Macy
Photo by Shawn Records

How do we live with the fact that we are destroying our world? Because of social taboos, despair at the state of our world and fear for our future are rarely acknowledged or expressed directly. The suppression of despair, like that of any deep recurring response, contributes to the numbing of the psyche. Expressions of anguish or outrage are muted, deadened as if a nerve had been cut. This refusal to feel impoverishes our emotional and sensory life. We create diversions for ourselves as individuals and as nations in the fights we pick, the aims we pursue, and the stuff we buy.

Of all the dangers we face, from climate chaos to permanent war, none is so great as this deadening of our response. For psychic numbing impedes our capacity to process and respond to information. The energy expended in pushing down despair is diverted from more crucial uses, depleting the resilience and imagination needed for fresh visions and strategies.

The Zen teacher and poet Thich Nhat Hanh was asked, “What do we most need to do to save our world?” His answer was this: “What we most need to do is to hear within us the sounds of the Earth crying.”

Cracking the Shell
How to confront what we scarcely dare to think? How to face our grief and fear and rage without going to pieces?

It is good to realize that falling apart is not such a bad thing. Indeed, it is as essential to transformation as the cracking of outgrown shells. Anxieties and doubts can be healthy and creative, not only for the person but for the society, because they permit new and original approaches to reality.

What disintegrates in periods of rapid transformation is not the self, but its defenses and assumptions. Self-protection restricts vision and movement like a suit of armor, making it harder to adapt. Going to pieces, however uncomfortable, can open us up to new perceptions, new data, and new responses.

In our culture, despair is feared and resisted because it represents a loss of control. We’re ashamed of it and dodge it by demanding instant solutions to problems. We seek the quick fix. This cultural habit obscures our perceptions and fosters a dangerous innocence of the real world.

Acknowledging despair, on the other hand, involves nothing more mysterious than telling the truth about what we see and know and feel is happening to our world. When corporate-controlled media keep the public in the dark, and power holders manipulate events to create a climate of fear and obedience, truthtelling is like oxygen. It enlivens and returns us to health and vigor.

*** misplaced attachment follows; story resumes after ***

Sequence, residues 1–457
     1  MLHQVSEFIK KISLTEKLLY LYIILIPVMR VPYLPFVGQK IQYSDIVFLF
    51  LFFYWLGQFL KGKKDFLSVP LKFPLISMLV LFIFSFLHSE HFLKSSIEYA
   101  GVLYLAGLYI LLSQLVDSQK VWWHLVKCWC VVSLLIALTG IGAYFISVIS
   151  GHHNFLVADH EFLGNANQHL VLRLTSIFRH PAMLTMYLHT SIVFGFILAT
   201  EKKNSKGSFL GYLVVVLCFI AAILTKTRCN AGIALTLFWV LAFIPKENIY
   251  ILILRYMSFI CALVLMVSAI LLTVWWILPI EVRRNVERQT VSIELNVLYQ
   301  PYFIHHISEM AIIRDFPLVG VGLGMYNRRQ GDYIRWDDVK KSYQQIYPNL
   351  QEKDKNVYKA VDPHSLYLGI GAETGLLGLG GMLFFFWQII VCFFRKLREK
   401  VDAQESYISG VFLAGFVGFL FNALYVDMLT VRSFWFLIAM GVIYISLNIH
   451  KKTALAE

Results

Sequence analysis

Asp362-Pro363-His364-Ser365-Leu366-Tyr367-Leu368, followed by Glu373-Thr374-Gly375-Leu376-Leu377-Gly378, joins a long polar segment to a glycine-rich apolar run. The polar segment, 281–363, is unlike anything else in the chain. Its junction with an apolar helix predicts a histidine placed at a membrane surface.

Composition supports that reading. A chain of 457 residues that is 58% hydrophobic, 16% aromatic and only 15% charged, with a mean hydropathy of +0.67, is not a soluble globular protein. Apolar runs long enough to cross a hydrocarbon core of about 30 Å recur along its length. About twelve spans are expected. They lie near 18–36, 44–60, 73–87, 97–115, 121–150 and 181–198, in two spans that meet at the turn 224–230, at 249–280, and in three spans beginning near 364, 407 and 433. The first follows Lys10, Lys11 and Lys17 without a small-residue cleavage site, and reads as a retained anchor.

Belonging to All Life
Sharing what is in our heartmind brings a welcome shift in identity, as we recognize that the anger, grief, and fear we feel for our world are not reducible to concerns for our individual welfare or even survival. Our concerns are far larger than our own private needs and wants. Pain for the world—the outrage and the sorrow— breaks us open to a larger sense of who we are. It is a doorway to the realization of our mutual belonging in the web of life.

Many of us fear that confrontation with despair will bring loneliness and isolation. On the contrary, in letting go of old defenses we find truer community. And in community, we learn to trust our inner responses to our world—and find our power.
You are not alone! We are part of a vast, global movement: the epochal transition from empire to Earth community. This is the Great Turning. And the excitement, the alarm, even the overwhelm we feel, are all part of our waking up to this collective adventure.

As in any true adventure, there is risk and uncertainty. Our corporate economy is destroying both itself and the natural world. Its effect on living systems is what David Korten calls the Great Unraveling. It is happening at the same time as the Great Turning, and we cannot know which way the story will end.

Great Uncertainty
Let’s drop the notion that we can manage our planet for our own comfort and profit—or even that we can now be its ultimate redeemers. It is a delusion. Let’s accept, in its place, the radical uncertainty of our time, even the uncertainty of survival.

In primal societies, adolescents go through rites of passage, in which confronting their own mortality is a gateway to maturity. In analogous ways, climate change calls us to recognize our own mortality as a species. With the gift of uncertainty, we can grow up and accept the rights and responsibility of planetary adulthood. Then we know fully that we belong, inextricably, to the web of life. Then we can serve it and let its strength flow through us.

Uncertainty, when accepted, sheds a bright light on the power of intention. That is what you can count on: not the outcome, but the motivation you bring, the vision you hold, the compass setting you choose to follow.

Our intention and our resolve can save us from getting lost in grief. This is the gift of the Great Turning. When we open our eyes to what is happening, even when it breaks our hearts, we discover our true dimensions, for our heart, when it breaks open, can hold the whole universe. We discover how speaking the truth of our anguish for the world brings down the walls between us, drawing us into deep solidarity. And that solidarity with our neighbors and all that lives is all the more real for the uncertainty we face. When we stop distracting ourselves, trying to figure the chances of ultimate success or failure, our minds and hearts are liberated into the present moment. And this moment together is alive and charged with possibilities.

A version of this article was published as part of Stop Global Warming Cold, the Spring 2008 issue of Yes! Magazine. Yes! is a non-profit, ad-free national publication that fuses powerful ideas and practical actions. To subscribe, visit YesMagazine.org/subscribe or call (800) 937-4451.

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